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United States Department of Agriculture

Agricultural Research Service

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Research Project: EVALUATION OF LEVEL-BASIN IRRIGATION IN HIGH-RAINFALL ZONES

Location: Water Management and Conservation Research

2007 Annual Report


1a.Objectives (from AD-416)
The objective of this cooperative research project is to evaluate the performance of precision-graded, zero-slope level-basin irrigation systems as practiced in Louisiana, including seasonal water use, yield, water advance, and surface drainage (for irrigation water and rainfall) on rice and row crops (e.g., soybeans, corn, etc.) in comparison to traditional surface irrigation and precision-graded fields with slope.


1b.Approach (from AD-416)
Field studies will be conducted on cooperators' farms where level-basin irrigation is being used. Field sites will be instrumented to measure flow rates into and out of the selected fields. During representative irrigation events, measurements will be made of advance, water depths at selected locations and surface drainage or recession. Farm data on yield and irrigation labor will also be collected. Where possible, field data will be compared with results from existing simulation models. Documents SCA with Louisiana State University.Formerly 5347-13000-013-05S (12/06). Formerly 5347-13000-014-01S (2/07).


3.Progress Report
The report serves to document research conducted under a specific agreement between ARS and Louisiana State University. Additional details of this research can be found in the parent CRIS 5347-13000-015-00D

Field studies on level basins in Concordia Parrish, Louisiana have been completed. We identified a number of issues that still need to be resolved. We obtained a lot of data on irrigation practices and performance on some level and slightly sloping fields, but still do not have good recommendations on the basin area that can be efficiently irrigated with a given flow rate. The issue is using these basins for non-paddy crops in between rice crops. The flow rates for rice irrigation are very low, which makes them very inefficient for soy beans, corn or cotton. The infrequent need to irrigation, due to rainfall, and the travel distance have made this difficult to study logistically (impossible from Maricopa, but still difficult from Baton Rouge). We have proposed an extension bulletin to combine what collective knowledge we have obtained. This would be a combined effort from ARS in Maricopa and Missouri, and extension in Louisiana, Arkansas and Mississippi.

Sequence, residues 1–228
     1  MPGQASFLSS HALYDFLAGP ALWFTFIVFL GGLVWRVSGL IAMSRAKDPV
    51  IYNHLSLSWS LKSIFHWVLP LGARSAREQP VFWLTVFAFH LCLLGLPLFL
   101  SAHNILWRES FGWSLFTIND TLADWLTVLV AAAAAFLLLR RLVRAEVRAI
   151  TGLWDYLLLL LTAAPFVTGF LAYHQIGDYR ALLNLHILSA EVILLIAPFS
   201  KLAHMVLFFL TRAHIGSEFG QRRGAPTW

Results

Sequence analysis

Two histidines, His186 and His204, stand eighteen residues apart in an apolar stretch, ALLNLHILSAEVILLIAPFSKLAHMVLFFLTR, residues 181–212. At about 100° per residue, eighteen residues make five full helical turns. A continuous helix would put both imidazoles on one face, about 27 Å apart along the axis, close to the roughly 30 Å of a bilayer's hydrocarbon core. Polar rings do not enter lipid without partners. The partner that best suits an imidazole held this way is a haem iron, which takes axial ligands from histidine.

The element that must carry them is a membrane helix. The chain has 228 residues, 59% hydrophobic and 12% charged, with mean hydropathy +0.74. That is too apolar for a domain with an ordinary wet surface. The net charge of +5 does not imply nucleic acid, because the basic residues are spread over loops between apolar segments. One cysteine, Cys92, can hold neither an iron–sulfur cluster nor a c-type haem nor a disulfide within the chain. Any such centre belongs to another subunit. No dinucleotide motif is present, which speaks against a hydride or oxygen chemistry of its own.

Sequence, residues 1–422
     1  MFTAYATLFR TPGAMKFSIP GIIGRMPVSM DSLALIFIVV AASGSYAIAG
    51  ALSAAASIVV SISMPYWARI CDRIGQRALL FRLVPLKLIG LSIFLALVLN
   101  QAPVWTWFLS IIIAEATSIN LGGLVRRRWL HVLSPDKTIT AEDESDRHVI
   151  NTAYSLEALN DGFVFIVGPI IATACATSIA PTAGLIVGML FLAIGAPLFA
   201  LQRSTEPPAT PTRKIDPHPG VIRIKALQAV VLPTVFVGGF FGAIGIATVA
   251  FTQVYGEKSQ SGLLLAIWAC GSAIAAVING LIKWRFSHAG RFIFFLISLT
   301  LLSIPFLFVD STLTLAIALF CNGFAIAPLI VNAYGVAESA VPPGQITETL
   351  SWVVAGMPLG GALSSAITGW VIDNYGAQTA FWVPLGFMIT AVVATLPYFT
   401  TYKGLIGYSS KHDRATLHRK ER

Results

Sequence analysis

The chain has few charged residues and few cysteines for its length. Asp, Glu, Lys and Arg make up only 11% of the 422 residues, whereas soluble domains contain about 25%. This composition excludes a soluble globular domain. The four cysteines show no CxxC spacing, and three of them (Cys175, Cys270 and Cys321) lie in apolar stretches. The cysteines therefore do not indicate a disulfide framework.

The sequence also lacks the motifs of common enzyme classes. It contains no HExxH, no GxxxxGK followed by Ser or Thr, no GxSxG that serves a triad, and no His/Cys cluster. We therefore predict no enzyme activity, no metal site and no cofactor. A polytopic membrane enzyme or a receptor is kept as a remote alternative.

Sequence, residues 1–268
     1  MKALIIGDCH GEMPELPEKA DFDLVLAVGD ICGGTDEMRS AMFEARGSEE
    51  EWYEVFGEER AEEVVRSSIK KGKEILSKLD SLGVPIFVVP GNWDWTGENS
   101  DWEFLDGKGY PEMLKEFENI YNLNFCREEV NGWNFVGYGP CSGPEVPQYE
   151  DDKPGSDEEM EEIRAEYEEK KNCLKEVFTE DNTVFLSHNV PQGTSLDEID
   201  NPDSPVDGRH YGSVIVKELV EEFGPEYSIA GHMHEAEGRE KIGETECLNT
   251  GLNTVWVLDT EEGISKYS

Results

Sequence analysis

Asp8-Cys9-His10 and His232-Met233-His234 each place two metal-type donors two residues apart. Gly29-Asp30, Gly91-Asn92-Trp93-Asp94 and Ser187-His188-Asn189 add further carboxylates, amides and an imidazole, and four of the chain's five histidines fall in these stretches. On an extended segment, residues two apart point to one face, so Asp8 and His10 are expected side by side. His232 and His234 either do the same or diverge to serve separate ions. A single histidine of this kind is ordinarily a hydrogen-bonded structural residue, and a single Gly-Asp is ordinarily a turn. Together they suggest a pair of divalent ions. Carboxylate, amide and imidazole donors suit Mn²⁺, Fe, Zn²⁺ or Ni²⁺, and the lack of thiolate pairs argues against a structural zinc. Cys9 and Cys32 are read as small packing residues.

ADODR visited the site annually to make plans for the upcoming irrigation season and to review progress and expectations. Email correspondence through the year kept the ADODR up to date on issues regarding the research. ADODR reviewed spreadsheet analysis of data and written reports after each irrigation season. Email contact regarding progress was at least monthly during the irrigation season, and included digital pictures of the field site, data, and/or other relevant issues.


Last Modified: 8/1/2014
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